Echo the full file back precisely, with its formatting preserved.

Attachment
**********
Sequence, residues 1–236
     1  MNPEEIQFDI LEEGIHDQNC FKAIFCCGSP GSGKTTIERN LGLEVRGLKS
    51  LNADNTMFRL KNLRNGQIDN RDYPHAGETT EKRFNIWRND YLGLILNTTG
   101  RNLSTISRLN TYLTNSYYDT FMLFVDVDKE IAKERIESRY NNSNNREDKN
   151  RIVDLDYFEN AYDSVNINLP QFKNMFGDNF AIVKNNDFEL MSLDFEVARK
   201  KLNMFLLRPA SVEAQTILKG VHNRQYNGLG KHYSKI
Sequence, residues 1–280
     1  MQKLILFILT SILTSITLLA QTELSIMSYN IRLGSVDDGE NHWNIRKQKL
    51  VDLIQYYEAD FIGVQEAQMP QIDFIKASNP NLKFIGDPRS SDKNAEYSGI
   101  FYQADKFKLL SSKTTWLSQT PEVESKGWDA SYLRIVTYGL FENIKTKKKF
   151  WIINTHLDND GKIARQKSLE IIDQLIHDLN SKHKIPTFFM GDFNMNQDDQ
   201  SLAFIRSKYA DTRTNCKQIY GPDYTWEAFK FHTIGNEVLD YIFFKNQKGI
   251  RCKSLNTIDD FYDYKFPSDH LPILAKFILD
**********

Sequence, residues 1–236
     1  MNPEEIQFDI LEEGIHDQNC FKAIFCCGSP GSGKTTIERN LGLEVRGLKS
    51  LNADNTMFRL KNLRNGQIDN RDYPHAGETT EKRFNIWRND YLGLILNTTG
   101  RNLSTISRLN TYLTNSYYDT FMLFVDVDKE IAKERIESRY NNSNNREDKN
   151  RIVDLDYFEN AYDSVNINLP QFKNMFGDNF AIVKNNDFEL MSLDFEVARK
   201  KLNMFLLRPA SVEAQTILKG VHNRQYNGLG KHYSKI
Sequence, residues 1–280
     1  MQKLILFILT SILTSITLLA QTELSIMSYN IRLGSVDDGE NHWNIRKQKL
    51  VDLIQYYEAD FIGVQEAQMP QIDFIKASNP NLKFIGDPRS SDKNAEYSGI
   101  FYQADKFKLL SSKTTWLSQT PEVESKGWDA SYLRIVTYGL FENIKTKKKF
   151  WIINTHLDND GKIARQKSLE IIDQLIHDLN SKHKIPTFFM GDFNMNQDDQ
   201  SLAFIRSKYA DTRTNCKQIY GPDYTWEAFK FHTIGNEVLD YIFFKNQKGI
   251  RCKSLNTIDD FYDYKFPSDH LPILAKFILD